snake might jump, I slowed severely to leave a cushion. The woman took
all three lanes of the two lane freeway to recover.
Another distracted driver made me laugh. Tan Ford Taurus, middle aged guy, who has had his share of burritos, using both hands to eat from a yogurt cup. He was scraping and digging and totally ignoring the road. I watched him for more than a mile and he never once looked up. Finally I pulled alongside to pass and you would think I appeared like a UFO. His startled look - with spoon midway to mouth - betrayed the surprise of being 'caught' when you thought you were alone.
I saw two things today I thought I'd never see, neither
of which are things you want to see. One was the CHP using radar on I-5.
Ever since I came to California there has been this mystique about the
CHP being prohibited by law from using radar on freeways. Well, I finally
looked up the law a couple of years ago. They are prohibited from spending
any money to purchase radar devices. Where citizen groups have purchased
units for police to reduce speeding on local portions of state highways,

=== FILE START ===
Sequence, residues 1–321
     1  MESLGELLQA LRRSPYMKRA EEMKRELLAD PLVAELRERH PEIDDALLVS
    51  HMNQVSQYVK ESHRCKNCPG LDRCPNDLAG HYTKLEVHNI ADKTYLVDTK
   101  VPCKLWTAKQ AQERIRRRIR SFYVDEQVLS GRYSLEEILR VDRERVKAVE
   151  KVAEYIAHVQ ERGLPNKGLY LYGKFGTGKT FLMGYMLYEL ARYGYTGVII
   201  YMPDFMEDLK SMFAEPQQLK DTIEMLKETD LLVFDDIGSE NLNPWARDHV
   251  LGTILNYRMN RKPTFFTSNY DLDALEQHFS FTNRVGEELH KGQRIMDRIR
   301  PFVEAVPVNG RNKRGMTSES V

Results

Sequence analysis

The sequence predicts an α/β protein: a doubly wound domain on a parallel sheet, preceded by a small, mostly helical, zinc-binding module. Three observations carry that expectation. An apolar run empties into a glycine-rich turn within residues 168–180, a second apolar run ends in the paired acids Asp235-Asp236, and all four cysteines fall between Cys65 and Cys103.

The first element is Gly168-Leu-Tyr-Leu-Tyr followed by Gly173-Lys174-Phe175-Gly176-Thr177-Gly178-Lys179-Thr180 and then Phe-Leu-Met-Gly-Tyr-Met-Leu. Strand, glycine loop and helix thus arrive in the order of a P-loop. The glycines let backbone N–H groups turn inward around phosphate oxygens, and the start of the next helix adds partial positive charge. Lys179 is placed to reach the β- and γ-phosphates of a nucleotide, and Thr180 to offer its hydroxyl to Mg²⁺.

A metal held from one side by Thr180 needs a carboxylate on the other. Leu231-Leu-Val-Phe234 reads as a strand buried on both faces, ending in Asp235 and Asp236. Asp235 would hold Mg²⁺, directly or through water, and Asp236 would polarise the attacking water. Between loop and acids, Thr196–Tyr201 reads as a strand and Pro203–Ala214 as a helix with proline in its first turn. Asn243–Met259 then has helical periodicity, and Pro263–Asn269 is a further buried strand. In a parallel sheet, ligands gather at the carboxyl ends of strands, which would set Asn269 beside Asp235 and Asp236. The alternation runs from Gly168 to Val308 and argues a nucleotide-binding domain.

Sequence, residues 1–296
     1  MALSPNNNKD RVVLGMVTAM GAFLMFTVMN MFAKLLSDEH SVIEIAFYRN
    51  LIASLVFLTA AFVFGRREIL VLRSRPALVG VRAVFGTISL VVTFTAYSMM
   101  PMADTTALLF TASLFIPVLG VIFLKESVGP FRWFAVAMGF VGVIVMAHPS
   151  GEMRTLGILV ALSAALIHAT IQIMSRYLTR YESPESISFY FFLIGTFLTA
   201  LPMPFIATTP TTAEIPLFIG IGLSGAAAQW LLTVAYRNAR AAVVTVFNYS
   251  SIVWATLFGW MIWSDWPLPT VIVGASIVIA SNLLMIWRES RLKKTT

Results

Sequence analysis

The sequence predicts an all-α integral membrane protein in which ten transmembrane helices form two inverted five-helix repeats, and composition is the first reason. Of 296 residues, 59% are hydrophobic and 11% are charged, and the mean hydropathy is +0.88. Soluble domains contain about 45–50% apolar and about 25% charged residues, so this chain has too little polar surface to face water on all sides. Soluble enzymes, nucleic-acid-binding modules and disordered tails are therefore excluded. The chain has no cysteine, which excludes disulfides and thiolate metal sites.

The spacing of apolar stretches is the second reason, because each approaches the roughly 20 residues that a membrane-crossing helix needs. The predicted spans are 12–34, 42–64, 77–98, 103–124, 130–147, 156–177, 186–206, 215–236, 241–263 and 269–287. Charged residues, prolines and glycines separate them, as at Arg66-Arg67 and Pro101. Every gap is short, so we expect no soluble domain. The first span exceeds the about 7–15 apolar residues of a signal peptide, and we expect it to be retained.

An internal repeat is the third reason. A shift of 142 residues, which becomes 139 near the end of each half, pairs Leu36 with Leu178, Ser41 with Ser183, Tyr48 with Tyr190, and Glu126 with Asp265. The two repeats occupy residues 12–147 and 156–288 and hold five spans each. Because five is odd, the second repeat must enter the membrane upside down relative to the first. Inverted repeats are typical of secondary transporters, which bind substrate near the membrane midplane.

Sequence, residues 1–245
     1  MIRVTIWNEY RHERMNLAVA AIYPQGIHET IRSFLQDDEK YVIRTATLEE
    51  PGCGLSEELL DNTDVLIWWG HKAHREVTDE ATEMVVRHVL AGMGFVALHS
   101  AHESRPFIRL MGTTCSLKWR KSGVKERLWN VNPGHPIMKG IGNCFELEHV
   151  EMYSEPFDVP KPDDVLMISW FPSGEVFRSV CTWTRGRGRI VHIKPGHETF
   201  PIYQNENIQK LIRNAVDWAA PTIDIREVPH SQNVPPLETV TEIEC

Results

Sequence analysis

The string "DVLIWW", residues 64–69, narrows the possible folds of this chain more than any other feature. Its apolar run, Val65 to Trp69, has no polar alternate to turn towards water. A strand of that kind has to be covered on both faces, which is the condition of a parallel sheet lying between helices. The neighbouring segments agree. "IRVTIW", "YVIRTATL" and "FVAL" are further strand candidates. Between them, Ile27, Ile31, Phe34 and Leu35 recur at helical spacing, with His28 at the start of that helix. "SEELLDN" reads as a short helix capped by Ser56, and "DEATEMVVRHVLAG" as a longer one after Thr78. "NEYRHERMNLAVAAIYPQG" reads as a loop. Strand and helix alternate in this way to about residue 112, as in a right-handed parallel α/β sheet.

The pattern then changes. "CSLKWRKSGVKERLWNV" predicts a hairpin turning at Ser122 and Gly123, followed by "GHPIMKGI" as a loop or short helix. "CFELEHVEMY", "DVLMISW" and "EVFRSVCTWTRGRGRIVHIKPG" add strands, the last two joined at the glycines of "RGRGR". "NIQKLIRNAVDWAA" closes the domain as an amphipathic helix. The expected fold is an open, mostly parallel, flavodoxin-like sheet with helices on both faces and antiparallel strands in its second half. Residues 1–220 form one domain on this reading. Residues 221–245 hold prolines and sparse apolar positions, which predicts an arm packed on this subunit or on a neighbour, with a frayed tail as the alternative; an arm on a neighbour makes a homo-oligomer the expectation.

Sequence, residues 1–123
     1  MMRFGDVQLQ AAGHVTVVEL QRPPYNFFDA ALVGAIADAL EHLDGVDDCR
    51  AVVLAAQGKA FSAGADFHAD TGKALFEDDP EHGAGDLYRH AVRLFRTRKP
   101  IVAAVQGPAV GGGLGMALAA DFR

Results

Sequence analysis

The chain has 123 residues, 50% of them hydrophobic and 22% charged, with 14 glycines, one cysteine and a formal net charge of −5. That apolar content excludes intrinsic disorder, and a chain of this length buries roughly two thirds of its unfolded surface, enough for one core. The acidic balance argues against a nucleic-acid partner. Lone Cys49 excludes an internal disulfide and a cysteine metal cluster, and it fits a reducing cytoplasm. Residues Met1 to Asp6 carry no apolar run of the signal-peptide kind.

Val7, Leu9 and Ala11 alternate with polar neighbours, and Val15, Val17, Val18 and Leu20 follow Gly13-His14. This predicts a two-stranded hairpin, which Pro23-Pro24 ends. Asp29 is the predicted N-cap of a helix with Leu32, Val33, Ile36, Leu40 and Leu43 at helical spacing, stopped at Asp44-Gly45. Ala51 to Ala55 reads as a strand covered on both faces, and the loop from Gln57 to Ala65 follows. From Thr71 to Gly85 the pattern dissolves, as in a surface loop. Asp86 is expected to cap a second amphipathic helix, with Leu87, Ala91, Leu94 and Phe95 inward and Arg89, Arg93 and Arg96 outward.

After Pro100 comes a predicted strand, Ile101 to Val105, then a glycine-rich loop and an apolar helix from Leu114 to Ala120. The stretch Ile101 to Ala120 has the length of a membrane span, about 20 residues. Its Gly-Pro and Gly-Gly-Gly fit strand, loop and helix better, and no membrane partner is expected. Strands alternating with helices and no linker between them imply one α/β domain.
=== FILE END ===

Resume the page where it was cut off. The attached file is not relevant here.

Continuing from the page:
the CHP have used radar for years. But never on freeways. What citizen
would want that? None. None except the citizen insurance company. The CHP
have been funded by some who-us-interested-in-our-bottom-line? companies
in the interest of public safety (suuuure), and now there is some mighty
surprised public who I doubt would say they feel more safety. One of the
last sanctuaries of speed is gone. The CHP were ticketing for 80+ in a
70. Traffic on I-5 seems downright sluggish these days.
The other 'thought I'd never' was more than $10 to fill the stock tank of a motorcycle. Regular gas at a 'discount' station along the freeway (next gas 37 miles) was $2.15. Wow. No wonder the SUV driver at the next pump was scowling ... I didn't even look at the price of premium.
The sun went down just as I was ramping up to climb
the Grapevine. (My GPS told me sundown was at 6:13 pm and damn if it wasn't
like a switch was flicked at 6:11!) If you've never seen it lit in the